(Until January 2010, my monthly series of Crossings on the River Thames will temporarily be on hold. There is a good reason for this…)
Kolkata, a name seeped with intrigue and fear. The big bad city of the Bengal, a seemingly overcrowded den of inequity with beggars on every corner and filth floating in the streets. Yes, while it is a dirty place and yes while there is plenty of poverty, do not underestimate the beauty of this city. It is a rough gem on the Ganges Delta and a thriving metropolis. With an enviable colonial heritage, its streets and passageways are filled with gems to the eye. And of all of these structures, what else is more impressive than the famed Howrah Bridge also known as the Rabindra Setu.
Famed throughout the world as a landmark of Kolkata, it is rightly so. While wandering through the maze of Kolkata’s backstreets, it is easy to spot this structure a fair way off, such is its size. Rising as it does above the Hugli river, the Howrah Bridge dominates the riverside skyline. Since India’s independence, more crossings have been built over the Hugli, but they still cannot match the style of the Howrah’s impressive profile.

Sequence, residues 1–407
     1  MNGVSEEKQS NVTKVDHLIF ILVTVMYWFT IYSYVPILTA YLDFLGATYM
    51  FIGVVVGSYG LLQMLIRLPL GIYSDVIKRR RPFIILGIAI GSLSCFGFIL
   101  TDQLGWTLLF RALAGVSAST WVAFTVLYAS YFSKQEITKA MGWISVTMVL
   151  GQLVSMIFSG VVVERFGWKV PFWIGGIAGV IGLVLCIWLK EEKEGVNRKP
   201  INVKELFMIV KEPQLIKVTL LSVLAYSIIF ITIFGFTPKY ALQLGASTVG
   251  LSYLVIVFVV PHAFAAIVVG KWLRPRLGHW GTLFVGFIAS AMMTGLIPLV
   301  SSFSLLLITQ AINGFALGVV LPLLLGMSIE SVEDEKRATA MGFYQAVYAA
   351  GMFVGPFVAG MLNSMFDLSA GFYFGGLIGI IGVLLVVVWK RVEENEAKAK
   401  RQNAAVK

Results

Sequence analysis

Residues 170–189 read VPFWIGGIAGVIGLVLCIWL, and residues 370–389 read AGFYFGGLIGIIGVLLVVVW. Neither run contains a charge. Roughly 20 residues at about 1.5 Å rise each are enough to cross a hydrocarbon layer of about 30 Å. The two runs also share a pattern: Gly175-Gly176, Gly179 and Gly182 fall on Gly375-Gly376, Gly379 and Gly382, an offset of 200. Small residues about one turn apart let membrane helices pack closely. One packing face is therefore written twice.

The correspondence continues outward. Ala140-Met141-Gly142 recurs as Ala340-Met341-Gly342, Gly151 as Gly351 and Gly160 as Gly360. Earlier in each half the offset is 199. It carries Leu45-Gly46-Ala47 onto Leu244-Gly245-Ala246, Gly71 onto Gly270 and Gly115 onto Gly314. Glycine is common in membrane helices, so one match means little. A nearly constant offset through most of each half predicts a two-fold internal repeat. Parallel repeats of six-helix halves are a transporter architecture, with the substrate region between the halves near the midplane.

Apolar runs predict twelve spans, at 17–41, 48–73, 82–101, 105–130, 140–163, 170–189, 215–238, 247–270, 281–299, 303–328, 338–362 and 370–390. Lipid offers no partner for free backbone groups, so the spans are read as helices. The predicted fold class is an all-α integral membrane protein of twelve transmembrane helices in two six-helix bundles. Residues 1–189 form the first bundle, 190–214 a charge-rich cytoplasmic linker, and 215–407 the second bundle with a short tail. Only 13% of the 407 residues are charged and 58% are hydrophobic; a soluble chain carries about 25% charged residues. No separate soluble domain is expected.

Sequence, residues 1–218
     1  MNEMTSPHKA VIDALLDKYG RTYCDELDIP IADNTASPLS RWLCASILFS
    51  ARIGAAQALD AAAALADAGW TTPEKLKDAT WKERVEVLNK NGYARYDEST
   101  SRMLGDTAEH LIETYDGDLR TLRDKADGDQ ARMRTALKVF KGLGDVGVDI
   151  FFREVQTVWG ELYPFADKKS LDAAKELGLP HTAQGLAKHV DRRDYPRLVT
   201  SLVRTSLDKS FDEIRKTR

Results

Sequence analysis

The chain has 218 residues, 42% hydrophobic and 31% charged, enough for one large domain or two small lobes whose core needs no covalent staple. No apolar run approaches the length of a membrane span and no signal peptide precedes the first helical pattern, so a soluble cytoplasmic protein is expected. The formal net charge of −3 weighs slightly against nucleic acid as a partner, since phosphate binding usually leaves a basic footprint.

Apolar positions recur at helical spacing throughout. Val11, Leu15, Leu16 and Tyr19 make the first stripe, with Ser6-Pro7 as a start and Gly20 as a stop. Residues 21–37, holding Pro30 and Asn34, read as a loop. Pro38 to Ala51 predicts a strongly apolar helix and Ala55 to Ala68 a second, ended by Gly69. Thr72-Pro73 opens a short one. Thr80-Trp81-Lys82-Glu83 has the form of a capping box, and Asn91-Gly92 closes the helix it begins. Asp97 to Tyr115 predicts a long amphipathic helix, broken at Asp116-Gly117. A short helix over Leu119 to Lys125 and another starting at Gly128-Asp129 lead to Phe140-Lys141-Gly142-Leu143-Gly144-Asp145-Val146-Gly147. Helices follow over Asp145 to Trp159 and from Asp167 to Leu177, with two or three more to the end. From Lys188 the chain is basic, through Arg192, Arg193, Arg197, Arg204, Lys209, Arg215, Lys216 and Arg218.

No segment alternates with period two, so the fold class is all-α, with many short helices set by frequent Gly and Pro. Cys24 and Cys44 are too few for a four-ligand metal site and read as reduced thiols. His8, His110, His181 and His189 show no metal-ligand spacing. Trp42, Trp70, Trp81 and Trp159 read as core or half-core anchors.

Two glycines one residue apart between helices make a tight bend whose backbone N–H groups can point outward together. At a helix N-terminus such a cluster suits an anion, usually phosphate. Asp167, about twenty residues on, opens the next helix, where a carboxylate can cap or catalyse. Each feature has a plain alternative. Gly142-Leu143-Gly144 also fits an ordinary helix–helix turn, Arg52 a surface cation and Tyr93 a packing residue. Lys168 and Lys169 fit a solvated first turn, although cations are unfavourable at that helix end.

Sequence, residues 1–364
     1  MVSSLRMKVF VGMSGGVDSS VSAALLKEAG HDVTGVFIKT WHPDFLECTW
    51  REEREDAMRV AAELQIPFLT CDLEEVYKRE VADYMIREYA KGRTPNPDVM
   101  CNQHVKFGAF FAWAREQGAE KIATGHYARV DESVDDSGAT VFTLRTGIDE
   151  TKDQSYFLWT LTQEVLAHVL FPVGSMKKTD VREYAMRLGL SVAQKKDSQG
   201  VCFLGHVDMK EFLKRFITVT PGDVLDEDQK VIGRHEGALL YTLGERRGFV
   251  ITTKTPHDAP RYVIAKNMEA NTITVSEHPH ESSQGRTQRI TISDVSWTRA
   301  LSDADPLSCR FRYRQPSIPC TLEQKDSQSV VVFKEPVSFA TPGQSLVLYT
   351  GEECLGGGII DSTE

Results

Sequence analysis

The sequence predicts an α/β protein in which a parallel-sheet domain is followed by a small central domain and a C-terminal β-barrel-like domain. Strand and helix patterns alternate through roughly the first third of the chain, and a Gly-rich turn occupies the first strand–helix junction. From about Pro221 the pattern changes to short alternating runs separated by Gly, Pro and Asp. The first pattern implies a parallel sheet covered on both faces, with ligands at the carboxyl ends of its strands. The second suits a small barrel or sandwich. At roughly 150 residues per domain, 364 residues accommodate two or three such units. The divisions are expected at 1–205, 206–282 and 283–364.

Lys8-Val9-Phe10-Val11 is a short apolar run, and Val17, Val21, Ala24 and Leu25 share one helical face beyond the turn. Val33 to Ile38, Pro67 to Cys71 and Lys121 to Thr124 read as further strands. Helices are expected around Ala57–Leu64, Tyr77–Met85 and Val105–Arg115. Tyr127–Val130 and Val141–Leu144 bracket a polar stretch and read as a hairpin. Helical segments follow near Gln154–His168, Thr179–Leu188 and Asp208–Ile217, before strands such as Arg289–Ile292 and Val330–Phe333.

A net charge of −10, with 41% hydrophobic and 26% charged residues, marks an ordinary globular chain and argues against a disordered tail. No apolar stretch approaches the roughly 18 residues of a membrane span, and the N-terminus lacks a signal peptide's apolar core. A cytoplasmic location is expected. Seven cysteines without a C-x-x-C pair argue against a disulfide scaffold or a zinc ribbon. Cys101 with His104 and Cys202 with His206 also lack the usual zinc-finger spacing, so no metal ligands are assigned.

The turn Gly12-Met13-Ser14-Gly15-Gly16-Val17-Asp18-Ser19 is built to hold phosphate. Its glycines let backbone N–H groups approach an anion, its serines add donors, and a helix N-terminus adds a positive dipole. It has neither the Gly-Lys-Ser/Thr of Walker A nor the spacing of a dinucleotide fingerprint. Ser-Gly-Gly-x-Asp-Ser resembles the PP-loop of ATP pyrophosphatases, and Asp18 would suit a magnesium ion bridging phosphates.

Over the Holy Ganges I went, into Howrah. And wow, what a mass of humanity that was using the bridge! Cars and buses thundered over the structure and I was joined by thousands of people on foot, crossing the sacred waters below. This bridge was one of those reasons why I came to Kolkata. To see this famed place, and possibly India’s busiest crossing point. If you want to see a slice of a nation, this is it. Rich and poor alike, many stopped to take in the views of the river and the city on either side of the river. I was not just merely crossing a river, but I was crossing history. Below me, the waters have taken the souls of millions to their final resting place. And with each passing vehicle, the bridge shook a little. A little hair raising, but this bridge has been standing for more than sixty years. It can take the knocks.
I will cross many rivers in my lifetime, and I have already been on structures far bigger than the Howrah Bridge. But none of them have held the fascination quite as much as this lynchpin in Kolkata’s infrastructure. Maybe it is the seemingly chaotic way in which people mass onto the bridge. Maybe it is because I have crossed the Ganges on foot rather than in a vehicle. But I think it is just the fact that it is such a beautiful piece of engineering. It should not be standing considering the soft mud beneath it, but it does. And today, it takes on the modern world. It is almost a metaphor for the nation itself. Despite the knocks and the bruises it has taken, despite the chaos and the mayhem that is India, it still stands and thrives. If the world has not realised it yet, then maybe it is time to wake up. The future is already here. And it is not China…